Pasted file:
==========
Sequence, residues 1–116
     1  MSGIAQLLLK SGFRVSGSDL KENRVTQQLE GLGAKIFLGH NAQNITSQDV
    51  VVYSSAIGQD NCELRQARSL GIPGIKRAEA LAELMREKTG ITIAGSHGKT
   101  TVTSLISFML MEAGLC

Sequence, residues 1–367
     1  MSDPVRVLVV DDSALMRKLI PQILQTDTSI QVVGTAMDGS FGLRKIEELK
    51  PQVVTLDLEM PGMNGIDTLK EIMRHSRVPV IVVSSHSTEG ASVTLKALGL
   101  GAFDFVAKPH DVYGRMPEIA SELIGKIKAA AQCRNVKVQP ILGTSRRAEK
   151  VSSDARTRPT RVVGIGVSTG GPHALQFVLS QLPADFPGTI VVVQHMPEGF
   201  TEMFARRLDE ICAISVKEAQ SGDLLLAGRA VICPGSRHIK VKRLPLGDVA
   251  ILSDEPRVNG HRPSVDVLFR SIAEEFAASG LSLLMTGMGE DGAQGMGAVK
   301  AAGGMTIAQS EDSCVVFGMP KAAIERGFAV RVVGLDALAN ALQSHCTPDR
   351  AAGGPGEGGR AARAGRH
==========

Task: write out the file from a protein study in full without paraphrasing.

Sequence, residues 1–116
     1  MSGIAQLLLK SGFRVSGSDL KENRVTQQLE GLGAKIFLGH NAQNITSQDV
    51  VVYSSAIGQD NCELRQARSL GIPGIKRAEA LAELMREKTG ITIAGSHGKT
   101  TVTSLISFML MEAGLC

Sequence, residues 1–367
     1  MSDPVRVLVV DDSALMRKLI PQILQTDTSI QVVGTAMDGS FGLRKIEELK
    51  PQVVTLDLEM PGMNGIDTLK EIMRHSRVPV IVVSSHSTEG ASVTLKALGL
   101  GAFDFVAKPH DVYGRMPEIA SELIGKIKAA AQCRNVKVQP ILGTSRRAEK
   151  VSSDARTRPT RVVGIGVSTG GPHALQFVLS QLPADFPGTI VVVQHMPEGF
   201  TEMFARRLDE ICAISVKEAQ SGDLLLAGRA VICPGSRHIK VKRLPLGDVA
   251  ILSDEPRVNG HRPSVDVLFR SIAEEFAASG LSLLMTGMGE DGAQGMGAVK
   301  AAGGMTIAQS EDSCVVFGMP KAAIERGFAV RVVGLDALAN ALQSHCTPDR
   351  AAGGPGEGGR AARAGRH